Payton, Regina v: CACD 26 May 2006

The defendant appealed a conviction of possession of 66 grams of cannabis with intent to supply. Also found were a large number of small bags and pounds 7,000 in cash. The defendant said the cannabis was for his personal use, and the equipment had been left at the house. He also complained of the mention of an old spent conviction.
Held: The judge had correctly admitted the amount of cash in evidence. However the judge, having admitted the previous convictions and then having sought to ask the jury not to attach weight to them, should have taken the last step and said that the defendant’s good character was intact: ‘A judge who has decided that a defendant is, for the purposes of the trial, of good character, must confer the benefit on him of a good character direction. The failure to do so, in present circumstances, amounting to a fatal misdirection and the conviction must be quashed. ‘
The court considered the fact of parallel proceedings in the magistrates’ court for forfeiture, under Part 5 of the Proceeds of Crime Act 2002, of money found on a search in his flat and that was relied on in the criminal proceedings in support of the allegation of an intention to supply. The forfeiture proceedings were initiated by the police. The Crown Prosecution Service did not know of them. Although the hearing in the forfeiture proceedings had been fixed for a date after the criminal trial, the appellant had disclosed a considerable amount of material in them in advance of the criminal trial. The judge’s summing up in the criminal trial referred to the fact that the appellant had supplied information and had given the police the names of witnesses in the context of the forfeiture proceedings.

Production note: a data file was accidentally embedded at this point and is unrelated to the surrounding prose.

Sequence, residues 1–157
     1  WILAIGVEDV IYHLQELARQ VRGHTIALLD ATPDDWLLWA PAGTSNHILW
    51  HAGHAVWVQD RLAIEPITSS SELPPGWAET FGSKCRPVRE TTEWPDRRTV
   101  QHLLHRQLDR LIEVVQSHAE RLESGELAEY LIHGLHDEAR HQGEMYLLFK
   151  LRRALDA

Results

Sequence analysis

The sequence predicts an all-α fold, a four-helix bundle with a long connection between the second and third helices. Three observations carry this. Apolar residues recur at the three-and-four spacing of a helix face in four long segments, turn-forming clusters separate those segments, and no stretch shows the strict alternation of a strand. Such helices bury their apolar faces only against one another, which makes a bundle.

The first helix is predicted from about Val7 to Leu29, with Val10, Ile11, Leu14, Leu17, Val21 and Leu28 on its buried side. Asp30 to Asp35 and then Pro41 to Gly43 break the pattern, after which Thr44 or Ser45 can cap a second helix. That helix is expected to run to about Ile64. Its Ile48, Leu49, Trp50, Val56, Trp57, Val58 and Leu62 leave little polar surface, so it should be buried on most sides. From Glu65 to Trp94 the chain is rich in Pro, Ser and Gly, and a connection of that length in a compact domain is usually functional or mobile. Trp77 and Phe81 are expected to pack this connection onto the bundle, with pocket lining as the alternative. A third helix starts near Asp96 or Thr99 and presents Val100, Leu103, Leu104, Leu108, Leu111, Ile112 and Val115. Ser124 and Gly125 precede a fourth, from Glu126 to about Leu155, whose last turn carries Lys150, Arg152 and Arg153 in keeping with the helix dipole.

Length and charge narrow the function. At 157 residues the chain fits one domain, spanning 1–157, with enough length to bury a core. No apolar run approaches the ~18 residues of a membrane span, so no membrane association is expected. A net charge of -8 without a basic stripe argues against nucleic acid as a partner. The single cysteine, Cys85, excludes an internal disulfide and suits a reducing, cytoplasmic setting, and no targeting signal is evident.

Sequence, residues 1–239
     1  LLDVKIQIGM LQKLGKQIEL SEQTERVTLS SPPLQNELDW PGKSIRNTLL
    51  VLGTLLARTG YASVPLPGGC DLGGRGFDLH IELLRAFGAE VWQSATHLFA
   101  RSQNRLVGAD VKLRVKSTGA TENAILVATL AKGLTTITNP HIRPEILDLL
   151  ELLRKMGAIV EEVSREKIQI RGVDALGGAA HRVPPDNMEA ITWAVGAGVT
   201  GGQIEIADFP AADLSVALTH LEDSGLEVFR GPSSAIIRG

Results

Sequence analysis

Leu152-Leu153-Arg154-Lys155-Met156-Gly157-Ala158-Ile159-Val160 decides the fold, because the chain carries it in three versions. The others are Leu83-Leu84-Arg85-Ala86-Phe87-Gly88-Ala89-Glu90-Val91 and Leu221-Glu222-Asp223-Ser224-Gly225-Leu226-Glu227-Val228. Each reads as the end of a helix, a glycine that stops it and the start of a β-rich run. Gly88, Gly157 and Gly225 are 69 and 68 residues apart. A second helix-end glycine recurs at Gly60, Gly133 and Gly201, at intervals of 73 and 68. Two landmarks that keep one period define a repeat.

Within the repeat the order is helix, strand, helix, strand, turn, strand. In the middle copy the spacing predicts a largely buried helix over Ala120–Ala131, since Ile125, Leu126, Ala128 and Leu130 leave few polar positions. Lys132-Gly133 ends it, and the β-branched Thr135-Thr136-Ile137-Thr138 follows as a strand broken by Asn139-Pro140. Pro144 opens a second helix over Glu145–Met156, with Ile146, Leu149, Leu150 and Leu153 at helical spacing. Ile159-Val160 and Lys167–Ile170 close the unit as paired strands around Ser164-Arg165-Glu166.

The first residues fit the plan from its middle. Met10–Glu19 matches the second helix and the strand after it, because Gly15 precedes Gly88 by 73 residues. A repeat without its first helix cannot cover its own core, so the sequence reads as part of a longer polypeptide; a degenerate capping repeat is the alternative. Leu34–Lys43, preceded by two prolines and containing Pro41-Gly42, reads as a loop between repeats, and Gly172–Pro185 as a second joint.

Held: The concurrent forfeiture proceedings were not an abuse of process or prejudice to the appellant had been established. But it had sufficient concerns to invite written representations about the practice followed. Pill LJ stated: ‘It is accepted that ‘close liaison’ would be expected between investigators in the civil and in the criminal proceedings. It is submitted that ‘the overwhelming likelihood is that the police would lodge an application for forfeiture (and so effect the detention of the cash and the preservation of the status quo) but then seek an adjournment of the application until criminal proceedings (including any appeal) are concluded’. The advantages of this course are described in the note. They include the preservation of the status quo and ensuring that the defendant is ‘not embarrassed into having to rehearse what may be part of his defence to the criminal allegation’. The defendant is unlikely to be in receipt of public funding in the civil proceedings. The potential saving of expense by adjourning civil proceedings is also mentioned.’ He recorded submissions on behalf of the appellant that there was ‘a real potential unfairness for a defendant to be put in the position of giving evidence on oath about matters which could affect his criminal trial before his criminal trial takes place. If the defendant chooses not to give such evidence, it might well result in forfeiture of cash seized before his criminal trial has concluded, or even started’. He said that the concern expressed by the court at the hearing was reflected in the contents of the notes and the submissions but that it was not necessary or appropriate to investigate further the issues arising, in the absence of fuller argument and a live issue. He continued: ‘It is, however, important that care is taken to ensure that the fair trial of a defendant is not prejudiced by anything arising in civil proceedings in the magistrates’ court and steps should be taken accordingly. Liaison between police acting under Part 5 of the 2002 Act and the prosecuting authority is essential. In view of what happened in this case, the issue should be addressed by them.’